At 2:46 p.m. local time on March 11, 2011, seawater crashed through the seaside village of Kesennuma, Miyagi prefecture, sweeping rows of cars away in its destructive path. As sirens wailed to warn locals to evacuate, rising waves smashed into warehouses and homes, leveling them as they went. In just five minutes this small and once peaceful village was completely swallowed up by a tsunami borne of Japan’s catastrophic earthquake, which registered 8.9 on the Richter scale

Kesennuma, a seaside village in Japan, lies in ruins after the tsunami


Tokyo Tower before (left) and after (right)

Its tip was severely bent in the earthquake.

The tsunami reached a staggering 37.9 meters, the highest since 38.2-meter waves devastated Ofunato in Iwate prefecture in 1896. This time, the disaster left tens of thousands dead or missing and hundreds of thousands displaced.

According to the Japanese Maritime Safety Agency, the earthquake shifted the ocean floor near the epicenter by 24 meters, and raised the ocean bed off the coast of Miyagi prefecture by 3 meters. Experts estimate the catastrophe could shave 1 percent off Japan’s GDP this year, while the World Bank thinks it will cost as much as USD 235 billion to rebuild the country.

In a great outpouring of public sympathy, countries from around the world immediately sent their sympathy and assistance – from close friends like the United States, to the Afghan city of Kandahar, to China, with whom Japan has sometimes had strained relations. All told, some 133 countries and 33 international bodies had pledged help by March 24, with many more set to join them.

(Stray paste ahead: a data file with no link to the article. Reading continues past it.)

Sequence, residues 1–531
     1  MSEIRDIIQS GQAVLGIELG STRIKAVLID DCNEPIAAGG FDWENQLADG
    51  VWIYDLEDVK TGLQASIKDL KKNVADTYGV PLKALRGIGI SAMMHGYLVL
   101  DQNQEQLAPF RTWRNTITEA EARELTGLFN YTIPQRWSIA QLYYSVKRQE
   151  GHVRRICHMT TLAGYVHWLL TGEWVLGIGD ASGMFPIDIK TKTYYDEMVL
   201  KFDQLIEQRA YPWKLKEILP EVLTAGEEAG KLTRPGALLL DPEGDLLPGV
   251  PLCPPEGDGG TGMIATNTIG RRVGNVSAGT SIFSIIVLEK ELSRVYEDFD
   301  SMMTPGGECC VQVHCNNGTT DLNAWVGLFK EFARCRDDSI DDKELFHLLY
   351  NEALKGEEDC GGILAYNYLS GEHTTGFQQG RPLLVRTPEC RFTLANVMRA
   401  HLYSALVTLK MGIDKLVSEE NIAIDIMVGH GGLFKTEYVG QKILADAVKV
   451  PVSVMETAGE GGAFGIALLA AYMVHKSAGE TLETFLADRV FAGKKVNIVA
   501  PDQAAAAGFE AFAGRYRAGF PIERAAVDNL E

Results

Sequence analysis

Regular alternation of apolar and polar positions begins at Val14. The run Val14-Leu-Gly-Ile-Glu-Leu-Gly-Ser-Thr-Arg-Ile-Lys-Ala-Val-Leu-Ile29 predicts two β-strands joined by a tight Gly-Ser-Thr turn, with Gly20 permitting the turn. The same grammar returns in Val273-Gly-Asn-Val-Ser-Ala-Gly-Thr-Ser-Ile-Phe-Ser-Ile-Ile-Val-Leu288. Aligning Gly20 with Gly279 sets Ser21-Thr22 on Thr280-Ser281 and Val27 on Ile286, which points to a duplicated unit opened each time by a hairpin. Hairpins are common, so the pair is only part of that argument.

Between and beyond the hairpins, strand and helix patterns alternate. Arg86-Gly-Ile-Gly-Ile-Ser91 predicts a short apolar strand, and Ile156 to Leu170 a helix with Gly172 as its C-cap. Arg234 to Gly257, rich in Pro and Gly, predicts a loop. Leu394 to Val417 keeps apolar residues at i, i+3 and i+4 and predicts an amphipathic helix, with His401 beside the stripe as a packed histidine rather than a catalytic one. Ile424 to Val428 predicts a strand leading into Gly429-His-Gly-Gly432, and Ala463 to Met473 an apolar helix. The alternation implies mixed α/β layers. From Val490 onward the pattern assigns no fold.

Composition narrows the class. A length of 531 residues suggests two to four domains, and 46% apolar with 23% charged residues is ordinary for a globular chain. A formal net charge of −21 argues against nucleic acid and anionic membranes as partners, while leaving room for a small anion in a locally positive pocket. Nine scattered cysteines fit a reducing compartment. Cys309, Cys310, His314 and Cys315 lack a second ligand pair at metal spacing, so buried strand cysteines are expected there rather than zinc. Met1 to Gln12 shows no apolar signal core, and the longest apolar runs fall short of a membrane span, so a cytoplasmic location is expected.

Rescue workers and locals unload bags of food from a helicopter in Yamada, northern Japan, on March 15, just a few days after the massive earthquake and ensuing tsunami.

(Photo courtesy of AP Photo/Yomiuri Shimbun, Takashi Ozaki)

Civil defense teams search for survivors in Otsuchi after a third explosion at the Fukushima Daiichi nuclear power plant.

(Photo courtesy of Toshirharu Kato/Japanese Red Cross)

Japanese rescue workers transport a body in the town of Watari, Miyagi prefecture, three days after a massive 8.9 magnitude earthquake and tsunami devastated the coast of eastern Japan.

(Photo courtesy of AFP)

Numerous companies also helped out with the relief efforts, with LG playing its part, too. From March 21 to 31, LG staff joined forces to raise funds for the earthquake victims under the banner of “Hope for Japan.”


An LG worker drops money in a “Hope for Japan” collection box.


LG volunteers raising funds to help Japan.

Looking to lend a helping hand, LG staff held a number of events to raise funds. At LG premises throughout Korea, they held “one-day cafes” in staff canteens where they sold “Coffee for Hope for Japan.” They wrote messages of support on big banners in Korean, English and Japanese, which they sent to LG’s partners in Japan along with the money the workers had raised.
Hundreds of LG workers contributed to relief funds to help Japan, its closest neighbor, which is still reeling from the effects of a devastating earthquake.
On a corporate level, LG is also working closely with its partners in Japan to ensure that disruptions to all their businesses are kept to a minimum, and they can return to full production as soon as possible. LG Group also joined forces to donate 100 million yen to relief operations in Japan



The whole world is sending messages of encouragement to Japan.

When a disaster of this magnitude strikes, not even a country as developed as Japan can cope without help. But as much as the food aid, the blankets and the aid are appreciated, the prayers and good wishes mean so much too. As Japan continues its long road to recovery, please keep its people in mind and continue to donate and pray for Japan.